5. “(…)Degtyarev was adopted in 1927, with production beginning in 1928 (hence the references to both DP-27 and DP-28 as its name)(…)”
    V. A. Degtyarev in his memoirs titled Моя жизнь states that order for serial production was sent to factories in February 1927. Then he remarks that ДП letters were put at barrels, which stand for Дегтярев пехотный. Note that here first word is in nominativus rather than genitivus.

  6. About the RPD, in Vietnam special forces would take captured RPD guns and cut the barrels just behind the front site to eliminate the weight of the bipod and front site assembly. Made a handy SAW weapon for assaults and ambushes.

    Interestingly, guys who trained me commented that in contact, when you heard an RPD, you knew you were in contact with Main Force VC or NVA. That meant trouble. I’ve fired the RPD a lot and it has a very distinctive report. PS: the DP was more popular in Ethiopia and Somalia. Perhaps because you could get the power and range of a 7.62x54R without the weight of a GPMG.

  7. To put it less courteously than Daweo did:
    What is the reason for the seemingly American urge to ignore original designations (DP in this case) and invent some out of the blue, American special designation like DP-27 in this case?
    From Peter “Paul” Mauser (never, ever saw Paul used by himself or in Germany) to “Schmeißer” for the MP40 (Hugo S. was not involved at all) to the ever-present fabrication AK-47 (show me a single Soviet field manual that uses this designation for the AK or AKM), wrong names are everywhere.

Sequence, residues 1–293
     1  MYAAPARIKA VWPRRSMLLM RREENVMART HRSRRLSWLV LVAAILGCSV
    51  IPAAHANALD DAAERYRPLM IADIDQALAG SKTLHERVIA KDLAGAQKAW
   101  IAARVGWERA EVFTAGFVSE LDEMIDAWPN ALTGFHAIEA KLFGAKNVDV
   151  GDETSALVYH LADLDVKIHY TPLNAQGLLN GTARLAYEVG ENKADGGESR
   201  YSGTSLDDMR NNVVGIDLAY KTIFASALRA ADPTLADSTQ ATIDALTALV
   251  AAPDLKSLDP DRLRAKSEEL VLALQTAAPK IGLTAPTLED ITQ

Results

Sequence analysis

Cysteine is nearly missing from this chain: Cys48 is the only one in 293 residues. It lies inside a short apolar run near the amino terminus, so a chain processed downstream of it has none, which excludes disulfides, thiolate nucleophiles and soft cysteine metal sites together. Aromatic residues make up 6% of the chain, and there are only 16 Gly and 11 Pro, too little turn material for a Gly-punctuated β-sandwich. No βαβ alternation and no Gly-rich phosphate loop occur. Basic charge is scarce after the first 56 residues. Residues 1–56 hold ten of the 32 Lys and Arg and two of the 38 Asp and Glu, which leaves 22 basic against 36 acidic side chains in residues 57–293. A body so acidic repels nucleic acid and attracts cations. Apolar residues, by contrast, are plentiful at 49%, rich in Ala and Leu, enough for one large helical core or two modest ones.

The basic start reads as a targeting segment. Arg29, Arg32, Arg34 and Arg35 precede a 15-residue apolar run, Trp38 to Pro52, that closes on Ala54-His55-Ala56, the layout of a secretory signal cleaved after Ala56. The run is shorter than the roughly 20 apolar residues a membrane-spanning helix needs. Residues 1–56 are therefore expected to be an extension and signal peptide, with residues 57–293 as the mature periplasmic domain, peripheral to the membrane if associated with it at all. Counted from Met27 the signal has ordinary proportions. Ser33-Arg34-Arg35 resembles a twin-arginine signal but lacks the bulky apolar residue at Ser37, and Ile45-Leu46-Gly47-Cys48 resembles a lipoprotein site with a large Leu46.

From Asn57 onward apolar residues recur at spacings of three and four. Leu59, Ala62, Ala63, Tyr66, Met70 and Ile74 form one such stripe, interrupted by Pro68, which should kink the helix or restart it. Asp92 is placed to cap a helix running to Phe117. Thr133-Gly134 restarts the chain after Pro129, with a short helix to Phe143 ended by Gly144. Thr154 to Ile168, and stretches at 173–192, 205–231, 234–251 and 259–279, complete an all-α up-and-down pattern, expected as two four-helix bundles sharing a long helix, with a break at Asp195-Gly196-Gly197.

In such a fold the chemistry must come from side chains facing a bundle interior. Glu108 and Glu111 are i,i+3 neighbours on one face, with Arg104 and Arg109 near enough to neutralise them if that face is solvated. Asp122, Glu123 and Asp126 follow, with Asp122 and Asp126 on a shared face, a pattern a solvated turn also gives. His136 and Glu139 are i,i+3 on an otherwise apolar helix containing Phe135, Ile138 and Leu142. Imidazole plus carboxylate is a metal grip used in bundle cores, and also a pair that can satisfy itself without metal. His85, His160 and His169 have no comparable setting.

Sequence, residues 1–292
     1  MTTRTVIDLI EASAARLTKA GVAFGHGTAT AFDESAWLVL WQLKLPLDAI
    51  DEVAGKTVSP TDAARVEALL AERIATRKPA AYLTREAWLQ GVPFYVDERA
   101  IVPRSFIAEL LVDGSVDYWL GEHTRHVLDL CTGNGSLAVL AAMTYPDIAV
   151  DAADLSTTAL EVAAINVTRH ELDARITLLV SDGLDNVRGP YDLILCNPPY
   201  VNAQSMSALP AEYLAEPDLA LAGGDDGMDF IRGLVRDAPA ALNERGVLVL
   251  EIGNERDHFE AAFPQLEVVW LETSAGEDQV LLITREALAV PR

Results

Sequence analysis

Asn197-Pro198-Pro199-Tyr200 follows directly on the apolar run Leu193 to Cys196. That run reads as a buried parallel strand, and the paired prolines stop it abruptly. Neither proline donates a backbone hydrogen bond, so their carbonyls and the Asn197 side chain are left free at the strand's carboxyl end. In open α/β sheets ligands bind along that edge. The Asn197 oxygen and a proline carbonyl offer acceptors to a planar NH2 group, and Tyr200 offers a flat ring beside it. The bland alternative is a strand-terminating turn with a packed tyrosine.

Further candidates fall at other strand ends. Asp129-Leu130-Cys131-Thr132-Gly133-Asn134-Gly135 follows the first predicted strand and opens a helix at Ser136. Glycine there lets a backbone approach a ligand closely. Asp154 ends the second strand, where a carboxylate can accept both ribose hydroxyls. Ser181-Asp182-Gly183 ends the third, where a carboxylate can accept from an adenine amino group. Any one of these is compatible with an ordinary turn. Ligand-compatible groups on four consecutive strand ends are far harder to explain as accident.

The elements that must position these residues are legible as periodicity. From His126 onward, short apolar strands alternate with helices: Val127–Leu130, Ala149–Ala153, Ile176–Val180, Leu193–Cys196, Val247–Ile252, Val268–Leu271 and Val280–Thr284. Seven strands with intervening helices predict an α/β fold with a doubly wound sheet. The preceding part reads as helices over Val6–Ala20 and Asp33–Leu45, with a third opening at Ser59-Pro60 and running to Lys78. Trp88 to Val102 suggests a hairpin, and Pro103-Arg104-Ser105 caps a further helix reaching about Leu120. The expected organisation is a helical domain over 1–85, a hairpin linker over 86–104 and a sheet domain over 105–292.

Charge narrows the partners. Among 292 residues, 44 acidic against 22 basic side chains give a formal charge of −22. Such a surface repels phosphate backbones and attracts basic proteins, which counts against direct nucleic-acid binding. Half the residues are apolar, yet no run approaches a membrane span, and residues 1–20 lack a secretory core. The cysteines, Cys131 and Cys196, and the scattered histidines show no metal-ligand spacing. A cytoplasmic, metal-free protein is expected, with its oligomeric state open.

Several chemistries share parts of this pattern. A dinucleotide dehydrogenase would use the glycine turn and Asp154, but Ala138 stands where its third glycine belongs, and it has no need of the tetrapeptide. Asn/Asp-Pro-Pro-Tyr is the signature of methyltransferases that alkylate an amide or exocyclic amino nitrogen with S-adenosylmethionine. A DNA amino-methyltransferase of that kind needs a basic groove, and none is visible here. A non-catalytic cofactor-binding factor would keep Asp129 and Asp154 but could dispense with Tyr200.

If the Americans prefer their own invented designations to the real ones, that is fine with me.
    But the trouble in my view is that many less knowledgeable people look up to American forums, magazines and books as a reliable source. And this creates a sad proliferation of, to put it blunty, fake designations.
    The statement by the author of the “Grim Reaper” that he knows AK-47 is totally wrong but he decided to use it, because he thinks his readers cannot handle to be confronted with the correct desigantions [my wording] is in my view one of the lowest points in small arms literature of the last 200 years.

    • “Schmeisser” is one you can’t blame the U.S. Army for. The British hung that moniker on the Mp38/40 family, because they thought Hugo Schmeisser designed them. As far as is known, the only SMG he ever designed was the original Mp18 Bergmann, which nobody ever referred to as a “Schmeisser”.

      In the book Great Weapons of World War Two (Kirk & Young, 1969) there is a photo of a display board in London toward the end of the war with an assortment of German automatic weapons. On it, the Mp40 is still called a “Schmeisser”, and the Mp43 machine carbine is labeled as a simplified version of the “Schmeisser” intended for more rapid production.

      Never mind that it’s nearly twice as big, twice as heavy, gas-operated instead of blowback, and fires a totally different and considerably more powerful rifle-type cartridge.



      • Eon:

        You are right. The British also called all MG34 and MG42s “Spandaus”. But it hardly mattered what the correct title was, only that the troops knew roughly what they were. The misdescription of the MP43 is quite amusing, then again Britain was still using bolt action rifles, they would hardly have had a clue about the birth of the assault rifle.